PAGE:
Tennis Shoes by Noel Streatfeild – Facebook group reading challenge


I somehow managed to miss this one when I read most of the “shoes” books 35 years ago, but, fittingly, read it on my way to London for the ATP World Tour Finals!  Most of it’s fairly typical Noel Streatfeild stuff,  but I was struck by the comments about the importance of physical fitness and competitive sport in enabling the nation to keep up with what was going on elsewhere.  There’s no mention of Nazi Germany, or indeed of any political issues at all, but with this book having been published in 1937, it’s not hard to imagine where Streatfeild was coming from.  I hadn’t anticipated that.  Otherwise, it’s as you’d expect, with the usual types of Streatfeild characters, including a devoted governess/housekeeper who knits jumpers for nurses in order to fund the kids’ tennis club subs, and a really annoying kid who refers to herself in the third person.  It’s not as good as the “Gemma” books, which I love, but I quite enjoyed it.

Like many of Noel Streatfeild’s books, this one involves several children – siblings Jim, Susan, Nicky (Nicolette) and David – getting involved in something, in this case tennis, and then finding out that chasing your dreams isn’t always as easy or as enjoyable as it might have sounded. Their grandad was very into tennis in his younger days, and so was their dad until he suffered an injury, which sounds like a war wound. The boys don’t feature that much, and it’s mainly about the girls, who are almost exactly like the Robinson girls in the Gemma books – Susan is shy, self-conscious, extremely hard-working, and obsessed with house points, just like Ann Robinson, and Nicky self-possessed, self-obsessed, and annoyingly given to talking about herself in the third person, just like Lydia Robinson. We’re only talking about fairly young children here, with even the eldest not into their teens by the end of the book, so we’re only looking at junior, local and sometimes national, events, but Susan’s tennis career gets off to a promising start. Then Nicky, who’s been practising in secret, overtakes her. Most of today’s top tennis players are so lovely that I’m certainly not going to say that you need a selfish, ruthless streak to succeed, but I do wonder if that’s how Streatfeild felt!

It’s also a story about London middle-class life in the 1930s in general, and there are a few things that strike me. One is the amount of time the kids have off school due to illness and quarantine. OK, that’s a standard plot device used by authors of children’s books – think Enid Blyton, Lorna Hill and Arthur Ransome – to give their characters more time to spend pursuing their interests or having adventures, but, without wanting to write an essay on the importance of vaccinations, it’s certainly worth remembering how much of a problem things like mumps and measles were until recently. Another is the amount of freedom that children, middle-class as well as working-class, have – Jim and Susan, aged only ten, are allowed to go round London on their own, and no-one even seems to notice when David disappears for hours to hunt down the family’s missing dog, or mind when he goes off with a strange woman. Sadly, no-one could write that anything like that now.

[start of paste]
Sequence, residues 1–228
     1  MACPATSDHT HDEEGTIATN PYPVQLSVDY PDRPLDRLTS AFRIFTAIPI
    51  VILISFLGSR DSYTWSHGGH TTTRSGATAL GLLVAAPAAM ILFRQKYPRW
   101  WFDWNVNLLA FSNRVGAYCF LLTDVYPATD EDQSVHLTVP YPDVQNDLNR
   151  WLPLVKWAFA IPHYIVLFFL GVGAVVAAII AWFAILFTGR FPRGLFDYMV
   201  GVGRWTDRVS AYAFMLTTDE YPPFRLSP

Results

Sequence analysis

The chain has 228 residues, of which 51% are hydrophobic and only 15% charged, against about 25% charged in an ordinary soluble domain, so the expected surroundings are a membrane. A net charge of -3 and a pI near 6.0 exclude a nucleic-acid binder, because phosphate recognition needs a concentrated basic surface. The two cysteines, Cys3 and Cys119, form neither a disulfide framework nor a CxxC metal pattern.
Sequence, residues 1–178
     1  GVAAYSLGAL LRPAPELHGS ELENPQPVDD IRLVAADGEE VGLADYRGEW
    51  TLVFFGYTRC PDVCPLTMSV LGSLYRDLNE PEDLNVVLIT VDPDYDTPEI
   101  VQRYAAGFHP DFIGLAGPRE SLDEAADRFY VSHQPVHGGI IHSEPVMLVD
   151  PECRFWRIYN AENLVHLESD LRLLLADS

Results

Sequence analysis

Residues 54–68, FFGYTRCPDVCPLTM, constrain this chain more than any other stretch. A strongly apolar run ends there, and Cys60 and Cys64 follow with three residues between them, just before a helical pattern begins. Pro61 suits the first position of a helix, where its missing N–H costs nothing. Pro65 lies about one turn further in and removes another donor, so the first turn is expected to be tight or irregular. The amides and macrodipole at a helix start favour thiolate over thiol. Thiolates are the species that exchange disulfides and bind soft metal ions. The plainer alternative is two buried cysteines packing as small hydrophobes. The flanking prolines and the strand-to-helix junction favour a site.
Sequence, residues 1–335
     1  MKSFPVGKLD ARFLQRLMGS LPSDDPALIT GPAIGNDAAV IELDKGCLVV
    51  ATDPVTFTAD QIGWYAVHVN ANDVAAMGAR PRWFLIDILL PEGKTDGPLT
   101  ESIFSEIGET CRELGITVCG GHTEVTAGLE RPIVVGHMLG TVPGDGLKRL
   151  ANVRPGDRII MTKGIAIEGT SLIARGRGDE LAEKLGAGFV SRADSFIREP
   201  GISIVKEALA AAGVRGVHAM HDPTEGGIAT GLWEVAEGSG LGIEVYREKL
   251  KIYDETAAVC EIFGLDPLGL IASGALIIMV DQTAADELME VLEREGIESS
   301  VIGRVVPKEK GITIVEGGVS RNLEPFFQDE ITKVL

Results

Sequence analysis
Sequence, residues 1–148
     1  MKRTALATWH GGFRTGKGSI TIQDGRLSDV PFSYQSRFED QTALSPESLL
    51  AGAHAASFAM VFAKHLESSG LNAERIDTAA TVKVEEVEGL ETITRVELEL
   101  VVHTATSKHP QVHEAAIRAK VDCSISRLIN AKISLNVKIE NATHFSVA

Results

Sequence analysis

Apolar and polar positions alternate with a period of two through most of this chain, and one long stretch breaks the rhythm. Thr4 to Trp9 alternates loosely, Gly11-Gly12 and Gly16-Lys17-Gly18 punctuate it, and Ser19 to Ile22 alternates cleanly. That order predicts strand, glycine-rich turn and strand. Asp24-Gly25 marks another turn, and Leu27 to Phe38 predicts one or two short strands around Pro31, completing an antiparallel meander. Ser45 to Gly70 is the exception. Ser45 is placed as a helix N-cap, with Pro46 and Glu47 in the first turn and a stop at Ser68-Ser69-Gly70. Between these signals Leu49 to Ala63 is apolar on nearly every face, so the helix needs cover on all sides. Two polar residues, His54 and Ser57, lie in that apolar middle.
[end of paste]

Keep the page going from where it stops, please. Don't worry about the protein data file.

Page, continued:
There’s also the issue of money, which always tends to arise in Streatfeild books. I have nothing but sympathy and admiration for the Robinsons in the Gemma books: their money worries arise when the hard-working dad has to take a lower-paid job due to health problems, and they deal with it by the mum going out to work and the kids being told that they’ll have to cut back on extras. However, I get very irritated with Sylvia in Ballet Shoes: whilst I appreciate that she didn’t ask Great Uncle Matthew to leave her to bring up three kids and then disappear, I’m uncomfortable with the fact that she lets her staff go unpaid, accepts freebies from neighbours and makes no effort to try to earn any money.

The Heaths fall somewhere in between.  They’re comfortably off, but the kids are supposed to save up part of their pocket money, birthday money and Christmas money to help pay for their tennis clubs subs. That’s perfectly reasonable, even laudable, but Miss Pinn, the family governess/housekeeper (not to be confused Annie, the cook/maid, a former trapeze artist), spends her limited free time knitting jumpers to sell to nurses at a nearby hospital, and gives the money to the kids’ tennis fund! What?? OK, the kids are very young, and at that age you don’t always think about things very carefully, but why on earth do the parents let them take her hard-earned money?

Another annoying money-related issue plotline arises when Nicky, who’s spent all her money and therefore hasn’t got anything to put into the tennis fund, raises the money by selling four umbrellas to a rag and bone man. OK, she has to learn that she’s supposed to save up if she wants something, and that she can’t go around flogging other people’s stuff, but her punishment is that her next two Christmas presents and next two birthday presents from her mum and dad will be umbrellas, to replace the ones she sold. That’s two whole years without presents from her parents! Couldn’t they have told her she’d have to earn the money to buy new umbrellas by doing household chores or something? Talk about going overboard!  Sorry to moan, but I really did find that OTT.  And poor Miss Pinn!